We’re all so impressed by mobility these days.
Our favorite technology is all about portability and size and convenience. We have the Internet in our pockets, computers on our wrists, and borderline-Skynet in ridiculous eye-wear that makes Geordie La Forge look hip. All your computers are belong with us, all of the times.
I’m due for an iPhone upgrade this fall but I’m scared the 6 will be too big for my delicate BUT LARGE ENOUGH, LADIES! hands. This from a kid who grew up playing Oo Topos on a huge box monitor with a data tower bigger than my three-year-old. I haven’t had a desktop computer in around 15 years.
My favorite computer – aside from the phone on which I’m currently writing this – is a tiny, lightweight, easy-to-carry laptop that has a keyboard that folds completely back behind it, essentially turning it into a tablet. It’s small, it’s portable, it’s convenient, and it’s the latest in a long line of slowly-shrinking computers that I’ve owned over the past decade-plus.
My son is only three so he’s still a few months away from having his first computer (am I even joking? We already have a tablet that’s essentially his), but when he gets one I bet it will be smaller than a breadbox, not that he – or I, for that matter – knows what a breadbox is. It’s something pretty small I guess. Regardless, his first computer is sure to be smaller, because that’s the way the world is going, and that’s the way we like it.
Or do we?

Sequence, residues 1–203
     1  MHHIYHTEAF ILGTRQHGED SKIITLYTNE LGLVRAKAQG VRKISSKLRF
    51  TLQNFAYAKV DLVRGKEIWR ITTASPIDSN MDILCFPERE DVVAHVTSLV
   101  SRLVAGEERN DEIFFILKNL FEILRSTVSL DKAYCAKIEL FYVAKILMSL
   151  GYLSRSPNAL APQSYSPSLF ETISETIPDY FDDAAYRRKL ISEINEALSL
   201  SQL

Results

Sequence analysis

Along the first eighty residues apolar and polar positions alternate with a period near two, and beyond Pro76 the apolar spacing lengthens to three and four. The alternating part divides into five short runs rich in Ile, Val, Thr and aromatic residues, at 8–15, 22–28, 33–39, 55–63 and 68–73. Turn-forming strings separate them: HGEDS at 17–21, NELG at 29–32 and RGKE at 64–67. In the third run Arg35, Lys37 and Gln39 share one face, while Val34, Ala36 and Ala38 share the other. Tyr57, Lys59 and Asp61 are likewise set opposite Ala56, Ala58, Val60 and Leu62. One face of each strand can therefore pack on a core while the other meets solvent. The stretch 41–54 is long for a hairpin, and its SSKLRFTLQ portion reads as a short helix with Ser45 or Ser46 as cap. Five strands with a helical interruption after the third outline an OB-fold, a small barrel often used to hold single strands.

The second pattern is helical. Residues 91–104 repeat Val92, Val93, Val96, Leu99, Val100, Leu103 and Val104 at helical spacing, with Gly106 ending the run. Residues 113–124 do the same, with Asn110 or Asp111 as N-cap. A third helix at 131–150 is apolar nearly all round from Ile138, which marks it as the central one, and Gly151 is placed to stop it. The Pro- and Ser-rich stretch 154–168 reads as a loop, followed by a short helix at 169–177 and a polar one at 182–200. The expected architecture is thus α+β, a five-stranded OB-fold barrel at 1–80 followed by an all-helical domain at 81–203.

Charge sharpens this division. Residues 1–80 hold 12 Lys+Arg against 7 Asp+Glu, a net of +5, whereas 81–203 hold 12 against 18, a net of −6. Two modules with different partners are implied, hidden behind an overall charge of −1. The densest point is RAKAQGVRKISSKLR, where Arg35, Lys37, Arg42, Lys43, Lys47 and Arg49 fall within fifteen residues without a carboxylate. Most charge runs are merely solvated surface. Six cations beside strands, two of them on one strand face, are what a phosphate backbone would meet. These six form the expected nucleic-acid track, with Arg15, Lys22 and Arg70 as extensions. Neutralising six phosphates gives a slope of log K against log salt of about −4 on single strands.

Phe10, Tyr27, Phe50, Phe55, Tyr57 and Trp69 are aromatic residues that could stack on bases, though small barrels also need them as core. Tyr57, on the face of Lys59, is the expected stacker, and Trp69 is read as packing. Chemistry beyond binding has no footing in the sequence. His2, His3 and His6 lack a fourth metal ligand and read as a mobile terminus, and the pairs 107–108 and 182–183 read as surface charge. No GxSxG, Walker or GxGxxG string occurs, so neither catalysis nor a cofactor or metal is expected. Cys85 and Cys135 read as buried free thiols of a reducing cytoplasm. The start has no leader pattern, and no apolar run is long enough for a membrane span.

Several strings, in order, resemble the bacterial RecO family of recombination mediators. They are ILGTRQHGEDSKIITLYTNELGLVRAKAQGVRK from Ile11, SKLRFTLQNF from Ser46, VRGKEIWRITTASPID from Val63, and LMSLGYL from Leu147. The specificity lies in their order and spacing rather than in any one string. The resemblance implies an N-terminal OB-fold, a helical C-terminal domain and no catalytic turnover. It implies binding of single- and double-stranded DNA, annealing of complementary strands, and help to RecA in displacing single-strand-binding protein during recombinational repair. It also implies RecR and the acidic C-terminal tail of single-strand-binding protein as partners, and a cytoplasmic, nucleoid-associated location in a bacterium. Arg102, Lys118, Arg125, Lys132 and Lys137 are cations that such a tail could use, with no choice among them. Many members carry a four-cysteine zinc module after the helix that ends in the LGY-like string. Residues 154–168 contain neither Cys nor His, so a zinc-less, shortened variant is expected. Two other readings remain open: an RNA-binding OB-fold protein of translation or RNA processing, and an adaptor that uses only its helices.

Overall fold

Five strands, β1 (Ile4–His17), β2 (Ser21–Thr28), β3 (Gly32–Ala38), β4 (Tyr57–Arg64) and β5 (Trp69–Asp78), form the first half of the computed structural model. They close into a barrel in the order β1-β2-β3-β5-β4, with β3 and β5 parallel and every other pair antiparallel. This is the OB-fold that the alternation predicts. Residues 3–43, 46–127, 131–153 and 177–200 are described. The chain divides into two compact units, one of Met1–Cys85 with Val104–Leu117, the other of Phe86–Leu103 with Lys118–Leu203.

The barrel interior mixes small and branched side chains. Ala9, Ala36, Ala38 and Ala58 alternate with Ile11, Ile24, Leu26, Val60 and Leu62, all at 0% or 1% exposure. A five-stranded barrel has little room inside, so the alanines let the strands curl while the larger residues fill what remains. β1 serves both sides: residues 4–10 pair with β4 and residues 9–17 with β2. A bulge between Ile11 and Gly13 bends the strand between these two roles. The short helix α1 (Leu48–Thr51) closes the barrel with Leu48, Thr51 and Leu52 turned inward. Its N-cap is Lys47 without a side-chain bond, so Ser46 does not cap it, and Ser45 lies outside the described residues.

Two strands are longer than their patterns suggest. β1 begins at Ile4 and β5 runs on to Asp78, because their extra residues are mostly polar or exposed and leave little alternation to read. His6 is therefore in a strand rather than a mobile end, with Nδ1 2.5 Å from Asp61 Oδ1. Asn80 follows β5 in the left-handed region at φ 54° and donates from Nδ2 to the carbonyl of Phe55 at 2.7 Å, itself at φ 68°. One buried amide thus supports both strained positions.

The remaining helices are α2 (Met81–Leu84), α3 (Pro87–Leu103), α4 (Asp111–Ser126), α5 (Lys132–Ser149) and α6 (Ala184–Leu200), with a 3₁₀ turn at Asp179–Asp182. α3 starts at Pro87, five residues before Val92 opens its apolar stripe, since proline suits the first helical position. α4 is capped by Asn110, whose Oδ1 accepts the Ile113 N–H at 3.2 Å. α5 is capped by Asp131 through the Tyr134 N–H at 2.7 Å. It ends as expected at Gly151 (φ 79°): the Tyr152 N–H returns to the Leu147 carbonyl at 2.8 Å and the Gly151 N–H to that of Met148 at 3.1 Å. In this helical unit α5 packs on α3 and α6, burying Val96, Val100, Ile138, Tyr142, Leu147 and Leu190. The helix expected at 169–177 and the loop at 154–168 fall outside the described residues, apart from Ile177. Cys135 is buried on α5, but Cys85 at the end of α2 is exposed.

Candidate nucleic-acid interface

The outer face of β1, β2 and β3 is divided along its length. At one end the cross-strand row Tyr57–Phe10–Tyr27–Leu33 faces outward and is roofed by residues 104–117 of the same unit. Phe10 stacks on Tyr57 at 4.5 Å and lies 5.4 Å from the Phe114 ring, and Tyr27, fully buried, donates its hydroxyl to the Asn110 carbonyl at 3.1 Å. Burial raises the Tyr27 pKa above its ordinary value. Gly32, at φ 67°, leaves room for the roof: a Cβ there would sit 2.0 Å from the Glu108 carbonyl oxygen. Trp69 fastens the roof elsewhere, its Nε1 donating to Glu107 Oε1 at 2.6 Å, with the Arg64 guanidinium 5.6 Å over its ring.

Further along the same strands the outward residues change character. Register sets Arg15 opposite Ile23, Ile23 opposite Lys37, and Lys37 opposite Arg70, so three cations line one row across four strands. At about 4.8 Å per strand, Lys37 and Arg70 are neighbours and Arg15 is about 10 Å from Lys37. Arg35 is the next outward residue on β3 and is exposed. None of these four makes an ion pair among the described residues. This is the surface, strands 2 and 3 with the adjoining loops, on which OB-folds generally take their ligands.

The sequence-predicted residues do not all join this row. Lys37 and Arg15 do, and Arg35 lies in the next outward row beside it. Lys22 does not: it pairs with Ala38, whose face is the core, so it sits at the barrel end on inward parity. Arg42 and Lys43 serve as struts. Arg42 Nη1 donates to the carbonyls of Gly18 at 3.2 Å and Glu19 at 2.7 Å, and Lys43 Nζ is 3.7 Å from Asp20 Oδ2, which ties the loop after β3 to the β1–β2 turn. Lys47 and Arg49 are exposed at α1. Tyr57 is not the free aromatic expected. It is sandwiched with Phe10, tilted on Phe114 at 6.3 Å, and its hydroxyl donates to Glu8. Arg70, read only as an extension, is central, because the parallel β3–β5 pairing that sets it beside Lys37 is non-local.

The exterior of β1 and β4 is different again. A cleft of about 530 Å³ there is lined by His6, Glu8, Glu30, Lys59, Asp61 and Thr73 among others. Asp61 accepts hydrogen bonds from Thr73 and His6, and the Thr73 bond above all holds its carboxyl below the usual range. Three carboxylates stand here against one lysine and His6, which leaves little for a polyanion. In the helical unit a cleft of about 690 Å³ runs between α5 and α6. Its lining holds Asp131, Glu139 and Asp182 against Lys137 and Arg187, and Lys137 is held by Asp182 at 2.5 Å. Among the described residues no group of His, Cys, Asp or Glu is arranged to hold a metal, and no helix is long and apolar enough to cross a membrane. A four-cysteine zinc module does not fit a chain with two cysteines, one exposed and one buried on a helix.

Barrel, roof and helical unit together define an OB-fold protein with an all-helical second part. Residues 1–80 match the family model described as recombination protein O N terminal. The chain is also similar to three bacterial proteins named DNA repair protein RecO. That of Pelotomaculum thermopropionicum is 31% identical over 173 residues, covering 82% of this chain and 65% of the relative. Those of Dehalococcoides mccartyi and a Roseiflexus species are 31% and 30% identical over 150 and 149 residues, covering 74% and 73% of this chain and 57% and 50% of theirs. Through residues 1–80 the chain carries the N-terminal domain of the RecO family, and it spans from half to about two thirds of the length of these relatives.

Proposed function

You may remember that I have something of a relationship with Lenovo. I serve as a “Lenovo Insider”, which means I use my online “clout” to help get the word out about their products and in exchange, I get to use their products. And the latest one I’ve gotten my hands on goes against everything I’ve just written.
It’s the B540 and I’m not going to get all technical because I don’t know what I’m talking about, so just go here if you want to learn more about the specs and the guts and the parsecs and TARDIS, etc.
What I do know? This thing is huge. Don’t get me wrong; it’s smaller than every computer I ever had growing up in the 80s, but it’s definitely bigger than the aforementioned what’s-a-breadbox?
And here’s the shocking part: I love it. I don’t know if it’s the Bluetooth keyboard or the Bluetooth mouse or the fact that the entire computer is just a monitor, with no tower or block at all – everything is packed into the monitor, and yet it’s still almost as flat as Keira Knightley – but I love this thing. The screen is enormous, and it’s the first non-tablet on which I’m comfortable using the touch functionality, probably because of the size. Suddenly I’m wondering if mobility is overrated.
Unfortunately, Mom and Buried is not a big fan of the computer, or, more accurately, she’s not a fan of big computers. But I think I can sway her by preying on her maternal instincts.
One of the biggest concerns with being a parent in 2014 is the impact technology is having on our kids, on their relationship with the world, with their friends and peers, with us. The internet is fraught with danger and when our kids can carry it with them wherever they go, it gets harder and harder us to protect them from it. Going old school with a desktop computer might be a simple way to stem the bleeding, at least at home.
One of the benefits of having a desktop computer is increased control, especially when it comes to a young kid. My son wants to use the computer? He has no choice but to use it where it stands, on the desk, in plain view of us. He can’t take it to his room, he can’t hide the screen from us, he simply can’t use it without our knowledge. That is a nice little perk of this nice big machine. Unfortunately, it’s not something we can take with us to the bar so the kid will shut up and let us drink in peace.
I know what you’re thinking: if I actually bothered to parent my son, he wouldn’t be able to steal away to go play Angry Birds and watch porn no matter what kind of computer we have. But sorry, I can’t be bothered. I’m busy!